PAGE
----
This is another (fictional) excerpt from the journal of the alien supposedly behind the modern human race (at least in my science fiction!) He was stranded in Africa about 125,000 years ago when his ship crashed, and has just rescued a child of the early human tribe he has found. For the earlier parts of his Journal, see my Author Website.

Day 353

It’s a good thing I have spied on the sentients enough to have learned a little of their language, as the child seems unable to learn mine. Hers is a pretty simple one: specific sounds for specific objects, more specific sounds for specific actions, various other sounds that describe objects and actions. R’il’nian might have been that simple, early in our evolution, but her brain does not seem wired to understand R’il’nian as it exists today.

They do have individual names, and her only difficulty in understanding me when I tapped my chest and repeated “Jarn” seemed to be that the particular sound meant nothing to her. Her own name is also the sound her people use to designate a small bird, dull colored but a beautiful singer. I find myself thinking of her as “Songbird.”

In some ways she is remarkably quick. She rapidly grasped that I did not understand her language very well and set about teaching it to me, and demanding that I give her the names for things strange to her in the shelter. Rather a turnaround from what I expected, but a surprisingly pleasant turnaround! In the day and a half since she awoke, we have established far better communication than I have with Patches.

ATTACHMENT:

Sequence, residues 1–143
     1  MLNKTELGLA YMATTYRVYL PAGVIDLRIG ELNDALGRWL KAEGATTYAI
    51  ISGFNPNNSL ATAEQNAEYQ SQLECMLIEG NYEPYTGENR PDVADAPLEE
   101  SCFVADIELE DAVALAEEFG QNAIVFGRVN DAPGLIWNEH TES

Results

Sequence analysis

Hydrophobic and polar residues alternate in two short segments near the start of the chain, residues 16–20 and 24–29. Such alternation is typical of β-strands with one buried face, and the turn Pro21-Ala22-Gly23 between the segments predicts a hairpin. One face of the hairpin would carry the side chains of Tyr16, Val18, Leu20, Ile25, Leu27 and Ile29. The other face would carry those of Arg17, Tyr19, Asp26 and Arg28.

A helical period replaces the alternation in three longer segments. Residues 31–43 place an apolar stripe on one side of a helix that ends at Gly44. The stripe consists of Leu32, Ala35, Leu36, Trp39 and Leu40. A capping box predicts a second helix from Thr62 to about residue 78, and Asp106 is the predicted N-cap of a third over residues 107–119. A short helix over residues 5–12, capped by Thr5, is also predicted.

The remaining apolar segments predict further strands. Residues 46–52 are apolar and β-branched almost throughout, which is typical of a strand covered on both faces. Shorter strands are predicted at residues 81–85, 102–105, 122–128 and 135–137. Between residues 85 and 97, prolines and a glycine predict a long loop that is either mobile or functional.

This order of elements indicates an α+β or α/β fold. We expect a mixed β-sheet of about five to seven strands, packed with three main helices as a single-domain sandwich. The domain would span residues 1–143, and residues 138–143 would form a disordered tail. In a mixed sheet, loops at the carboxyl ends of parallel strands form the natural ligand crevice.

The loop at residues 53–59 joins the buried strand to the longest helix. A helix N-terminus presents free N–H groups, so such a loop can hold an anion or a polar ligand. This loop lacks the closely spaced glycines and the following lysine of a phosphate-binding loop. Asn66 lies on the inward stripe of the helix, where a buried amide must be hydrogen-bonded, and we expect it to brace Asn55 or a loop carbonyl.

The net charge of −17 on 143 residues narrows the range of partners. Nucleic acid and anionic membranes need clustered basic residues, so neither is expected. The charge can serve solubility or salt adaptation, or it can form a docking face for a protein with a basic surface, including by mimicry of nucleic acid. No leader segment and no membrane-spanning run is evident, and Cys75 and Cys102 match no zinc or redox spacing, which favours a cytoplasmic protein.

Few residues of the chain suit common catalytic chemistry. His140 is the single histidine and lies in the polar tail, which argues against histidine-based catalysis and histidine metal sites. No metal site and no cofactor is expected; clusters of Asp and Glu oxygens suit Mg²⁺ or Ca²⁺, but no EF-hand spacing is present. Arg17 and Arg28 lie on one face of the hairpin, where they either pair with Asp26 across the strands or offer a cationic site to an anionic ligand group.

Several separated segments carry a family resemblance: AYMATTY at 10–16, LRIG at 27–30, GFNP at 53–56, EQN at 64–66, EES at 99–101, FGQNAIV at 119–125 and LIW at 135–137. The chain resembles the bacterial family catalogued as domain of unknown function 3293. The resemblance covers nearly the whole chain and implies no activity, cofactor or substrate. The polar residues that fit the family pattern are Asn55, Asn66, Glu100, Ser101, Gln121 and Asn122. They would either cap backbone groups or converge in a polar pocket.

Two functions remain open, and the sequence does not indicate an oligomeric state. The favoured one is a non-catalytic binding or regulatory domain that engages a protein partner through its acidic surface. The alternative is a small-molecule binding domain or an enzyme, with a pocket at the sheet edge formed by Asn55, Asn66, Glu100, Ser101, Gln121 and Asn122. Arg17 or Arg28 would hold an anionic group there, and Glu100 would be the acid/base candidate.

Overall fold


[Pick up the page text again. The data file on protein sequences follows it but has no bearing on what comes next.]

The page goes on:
Oh, Patches.She was afraid of Patches at first, but once she understood that Patches was friendly to me and willing to be friends with her, she managed to tell me that her own people now and then tamed young animals from the wild. In fact, they seem to have a religion of sorts, and the shamans always have some kind of tamed animal – or claim to. I must confess I have my doubts about invisible animals no one but the shamans can see!

Physically the leg appears to be knitting rapidly, and all signs of infection are gone. In fact, once she was convinced that my splints would hold, it was impossible to keep her lying down. I have managed plumbing, although rather primitive, in my shelter, and a system for disposing of bodily waste. I have to say she is far more fascinated by these than by the recorder or the computer!

So far I have managed to avoid asking why her people left her to die, telling myself it is because I still do not understand her language well enough. This is an excuse, and tomorrow I will ask her.

Or perhaps the next day.